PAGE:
Fields of Study related to Affect Theology:
Areas of Emphasis within Affect Theology:
Affect Theology studies the heart of faith. It tracks how human emotions become religious feelings. The spiritual foundation of liberal faith, after all, is not a set of doctrinal claims or creeds or religious beliefs or ideas. Liberal faith begins with transformed and uplifted feelings that exalt the human soul and let us love beyond belief, come what may. I use affect theology’s core principle of love beyond belief when I work with congregations. The goal: to transform "corps cold" churches (as Ralph Waldo Emerson put it) into sanctuaries that warm and elevate the human heart and inspire folks to stand strong on the side of love.
Affect Theology’s nineteenth-century antecedent is Friedrich Schleiermacher’s Affekt Theologie, the attempt by the German father of modern liberal theology to give balance to the rational theology of Kant (among others). Schleiermacher’s Affekt Theologie focused on the affective stimulations of the human nervous system and made these movements of the “human soul,” as he put it, the first reference for all discourse on religious feelings and beliefs.
I have updated Schleiermacher’s system using insights from the brain science of emotions (affective neuroscience founded by Jaak Panksepp). Panksepp created this new field to show his neuroscientific colleagues what they repeatedly overlooked: the affective foundations of human and animal emotions. Panksepp found three basic types of affect: (1) affect that make us aware of the internal state of our body (e.g., hunger or fatigue); (2) affect that makes us aware of the type of emotional system that has been triggered and thus aroused (e.g., the awareness of being enraged); (3) affect that makes us aware as commentary on bodily sensations (e.g. tactile and visual stimulation from sources exterior to the body).*
These affective commentaries on our sensations, emotions, and internal physiological and anatomical shifts, Panksepp concluded, are the way we initially, consciously but non-conceptually, take note or become aware of what has just happened to our body. This awareness is indeed a state of consciousness, defined here functionally as the “bare awareness of ‘something.’”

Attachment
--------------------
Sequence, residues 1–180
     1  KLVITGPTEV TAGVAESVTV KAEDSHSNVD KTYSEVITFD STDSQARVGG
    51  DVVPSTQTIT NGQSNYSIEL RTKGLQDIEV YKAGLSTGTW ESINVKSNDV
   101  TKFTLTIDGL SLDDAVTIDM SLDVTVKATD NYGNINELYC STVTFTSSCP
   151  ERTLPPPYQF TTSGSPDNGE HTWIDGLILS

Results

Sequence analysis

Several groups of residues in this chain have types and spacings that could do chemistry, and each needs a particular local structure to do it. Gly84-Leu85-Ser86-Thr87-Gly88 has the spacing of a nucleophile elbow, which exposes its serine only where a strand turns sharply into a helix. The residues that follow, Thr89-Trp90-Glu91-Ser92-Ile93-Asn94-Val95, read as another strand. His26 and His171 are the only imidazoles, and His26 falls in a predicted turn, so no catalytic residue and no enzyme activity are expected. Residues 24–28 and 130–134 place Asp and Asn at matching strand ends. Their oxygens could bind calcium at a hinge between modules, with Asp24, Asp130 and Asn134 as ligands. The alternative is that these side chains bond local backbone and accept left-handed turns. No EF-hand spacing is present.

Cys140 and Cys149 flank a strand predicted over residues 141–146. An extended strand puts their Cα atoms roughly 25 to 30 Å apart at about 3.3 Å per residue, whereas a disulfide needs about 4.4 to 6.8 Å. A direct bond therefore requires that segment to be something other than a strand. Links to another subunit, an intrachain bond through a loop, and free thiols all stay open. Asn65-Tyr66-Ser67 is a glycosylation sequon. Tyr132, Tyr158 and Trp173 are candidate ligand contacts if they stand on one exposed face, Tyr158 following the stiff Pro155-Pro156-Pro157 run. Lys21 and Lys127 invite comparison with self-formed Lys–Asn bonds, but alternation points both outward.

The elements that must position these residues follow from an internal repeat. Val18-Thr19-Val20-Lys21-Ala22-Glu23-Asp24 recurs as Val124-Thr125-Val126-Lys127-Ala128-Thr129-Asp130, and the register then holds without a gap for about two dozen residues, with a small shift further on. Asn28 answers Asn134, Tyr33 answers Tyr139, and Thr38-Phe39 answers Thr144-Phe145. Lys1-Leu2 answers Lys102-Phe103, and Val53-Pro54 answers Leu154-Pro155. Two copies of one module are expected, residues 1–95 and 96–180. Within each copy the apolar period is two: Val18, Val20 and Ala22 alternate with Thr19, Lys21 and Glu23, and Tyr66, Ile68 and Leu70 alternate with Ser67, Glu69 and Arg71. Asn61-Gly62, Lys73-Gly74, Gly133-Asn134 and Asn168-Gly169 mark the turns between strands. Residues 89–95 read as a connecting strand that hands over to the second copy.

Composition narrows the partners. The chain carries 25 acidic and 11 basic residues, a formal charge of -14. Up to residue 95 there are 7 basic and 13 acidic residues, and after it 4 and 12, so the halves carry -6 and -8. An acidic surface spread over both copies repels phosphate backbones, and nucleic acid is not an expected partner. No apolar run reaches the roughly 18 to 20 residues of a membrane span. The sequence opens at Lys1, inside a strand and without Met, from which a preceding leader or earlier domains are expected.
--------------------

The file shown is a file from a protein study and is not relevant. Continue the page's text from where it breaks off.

Referring to affects as “pre-propositional feelings,” Panksepp found that they alert us, not through ideas, but through a felt sense of life—called affective consciousness—about how we are faring in the world, within ourselves, and with others at the somatic level of our lives.
To be sure, Panksepp argues, these affective triggerings can be modulated by rational consideration as well as through dream work on alternative ways of responding behaviorally to the triggered feelings. Nevertheless, they are a way in which the brain neurologically assesses the internal and external environment in order to make affective judgments and take action in the world.
These genetically grounded, trans-species feeling systems resonate as internal attention-getters, -stoppers, and -sustainers. They move human bodies to act before belief and rational reflection set in.
More broadly, Panksepp suggests that the analysis of affect is challenging traditional Western religious claims about the nature of the human soul and the human spirit as strictly rational entities. The human soul and the human spirit, Panksepp insists, have neurological characteristics, constraints, and histories, and so they must no longer be described as disembodied, rational, emotion-less entities.
Panksepp is affirming basic claims made by Schleiermacher here without ever mentioning Schleiermacher’s name. And similarly to Schleiermacher, Panksepp’s claims are not proffered as theological doctrines or as creedal belief. Rather, they are presented as neurological findings about human consciousness that can be investigated by science.
Affect Theology thus brings theology back to its emotional senses – again. We pay attention to the feelings of wonder and awe and love beyond belief that bind individuals together and create healthy religious community. And we show how these feelings -- in Schleiermacher's words -- are the “natal hour of everything living in religion.”